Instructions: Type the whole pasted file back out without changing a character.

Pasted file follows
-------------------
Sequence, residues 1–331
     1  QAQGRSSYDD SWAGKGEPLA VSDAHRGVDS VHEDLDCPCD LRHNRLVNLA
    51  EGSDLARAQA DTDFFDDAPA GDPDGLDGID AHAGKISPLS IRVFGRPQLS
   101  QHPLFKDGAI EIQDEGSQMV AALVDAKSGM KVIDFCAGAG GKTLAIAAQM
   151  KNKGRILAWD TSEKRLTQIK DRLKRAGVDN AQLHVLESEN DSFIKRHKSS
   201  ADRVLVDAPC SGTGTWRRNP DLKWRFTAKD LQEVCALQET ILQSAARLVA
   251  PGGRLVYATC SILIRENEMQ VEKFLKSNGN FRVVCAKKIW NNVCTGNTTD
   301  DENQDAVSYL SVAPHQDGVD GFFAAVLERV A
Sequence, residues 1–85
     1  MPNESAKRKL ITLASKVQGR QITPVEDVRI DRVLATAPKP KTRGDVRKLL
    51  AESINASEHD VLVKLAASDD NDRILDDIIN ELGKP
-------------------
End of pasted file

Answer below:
Sequence, residues 1–331
     1  QAQGRSSYDD SWAGKGEPLA VSDAHRGVDS VHEDLDCPCD LRHNRLVNLA
    51  EGSDLARAQA DTDFFDDAPA GDPDGLDGID AHAGKISPLS IRVFGRPQLS
   101  QHPLFKDGAI EIQDEGSQMV AALVDAKSGM KVIDFCAGAG GKTLAIAAQM
   151  KNKGRILAWD TSEKRLTQIK DRLKRAGVDN AQLHVLESEN DSFIKRHKSS
   201  ADRVLVDAPC SGTGTWRRNP DLKWRFTAKD LQEVCALQET ILQSAARLVA
   251  PGGRLVYATC SILIRENEMQ VEKFLKSNGN FRVVCAKKIW NNVCTGNTTD
   301  DENQDAVSYL SVAPHQDGVD GFFAAVLERV A
Sequence, residues 1–85
     1  MPNESAKRKL ITLASKVQGR QITPVEDVRI DRVLATAPKP KTRGDVRKLL
    51  AESINASEHD VLVKLAASDD NDRILDDIIN ELGKP